Will providing better transit be enough to cope with city growth?

Policies on Public Transport and Private Transport - you can't have one without the other

It might seem counter-intuitive, but you can’t increase public transport’s share of travel significantly unless you simultaneously do something about cars. Yet this simple relationship is usually ignored by governments and lobbyists alike.

Back on 23 August I looked at the question of how our cities could grow larger but still be liveable. Public transport has a vital role in meeting this challenge, but the task is daunting. Notwithstanding current overcrowding on the train system, public transport’s share of all motorised travel is only around 11% in Melbourne and a little higher in Sydney.

The standard recipe for increasing transit’s share of travel is to offer a better product. This is popularly thought of as more trains and more light rail (only occasionally more buses).

It usually involves providing some combination of greater route coverage, higher frequencies, longer operating hours, faster speeds, better connections, more information and higher levels of comfort and security.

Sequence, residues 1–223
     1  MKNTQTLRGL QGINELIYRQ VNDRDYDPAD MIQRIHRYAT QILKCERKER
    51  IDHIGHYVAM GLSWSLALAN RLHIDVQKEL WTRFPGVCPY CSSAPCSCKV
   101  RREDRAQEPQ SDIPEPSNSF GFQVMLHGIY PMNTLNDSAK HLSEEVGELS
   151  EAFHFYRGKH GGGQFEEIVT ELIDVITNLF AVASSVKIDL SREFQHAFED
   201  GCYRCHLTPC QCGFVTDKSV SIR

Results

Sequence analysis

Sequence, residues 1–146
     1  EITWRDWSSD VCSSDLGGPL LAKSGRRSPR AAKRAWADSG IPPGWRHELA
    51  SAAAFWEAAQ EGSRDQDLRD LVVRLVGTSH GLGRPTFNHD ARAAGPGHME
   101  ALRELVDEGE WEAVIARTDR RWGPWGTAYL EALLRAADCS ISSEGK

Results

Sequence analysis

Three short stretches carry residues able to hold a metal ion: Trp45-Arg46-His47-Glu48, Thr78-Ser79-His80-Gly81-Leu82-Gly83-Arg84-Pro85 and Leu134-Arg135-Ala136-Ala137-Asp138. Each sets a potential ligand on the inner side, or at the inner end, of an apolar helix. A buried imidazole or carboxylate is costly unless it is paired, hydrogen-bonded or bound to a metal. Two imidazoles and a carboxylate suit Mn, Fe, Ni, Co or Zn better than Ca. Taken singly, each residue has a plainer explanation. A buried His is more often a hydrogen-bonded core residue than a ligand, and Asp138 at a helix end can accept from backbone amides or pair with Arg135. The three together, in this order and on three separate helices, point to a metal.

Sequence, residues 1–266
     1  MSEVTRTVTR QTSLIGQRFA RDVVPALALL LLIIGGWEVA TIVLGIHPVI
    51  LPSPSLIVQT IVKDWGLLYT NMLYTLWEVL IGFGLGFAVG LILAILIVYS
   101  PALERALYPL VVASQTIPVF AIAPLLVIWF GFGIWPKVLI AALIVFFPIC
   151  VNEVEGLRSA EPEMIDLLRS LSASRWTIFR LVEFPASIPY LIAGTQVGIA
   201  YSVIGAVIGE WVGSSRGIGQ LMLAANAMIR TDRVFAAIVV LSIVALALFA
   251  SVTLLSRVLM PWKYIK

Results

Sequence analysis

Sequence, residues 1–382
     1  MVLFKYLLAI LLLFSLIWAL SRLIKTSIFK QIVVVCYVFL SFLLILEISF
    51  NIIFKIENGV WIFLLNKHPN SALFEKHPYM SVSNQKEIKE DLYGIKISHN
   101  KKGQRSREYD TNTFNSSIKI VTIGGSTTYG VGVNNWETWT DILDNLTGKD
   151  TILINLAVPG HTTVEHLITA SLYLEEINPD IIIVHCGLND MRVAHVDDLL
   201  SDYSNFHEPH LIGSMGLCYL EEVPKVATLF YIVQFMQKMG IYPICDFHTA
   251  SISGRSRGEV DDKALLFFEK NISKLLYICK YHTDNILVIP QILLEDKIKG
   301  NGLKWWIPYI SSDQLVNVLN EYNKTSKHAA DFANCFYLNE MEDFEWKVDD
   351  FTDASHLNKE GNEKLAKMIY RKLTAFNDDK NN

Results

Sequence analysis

Improving quality seems a self-evident solution. After all, the area of the city with the best public transport offering – the CBD – is also the area where public transport scores best against the car. For example, 43% of all motorised work trips to the inner city in Melbourne are made by public transport and this study suggests the figure for the CBD is probably upwards of 65%.

This strategy works – but only up to a point. Consider, for example, the Melbourne inner city municipality of Yarra. It has a pretty high standard of train and tram services, yet 86% of all motorised weekday travel by residents of Yarra is still made by car (or 74% when walking and cycling are also included). Read the rest of this entry »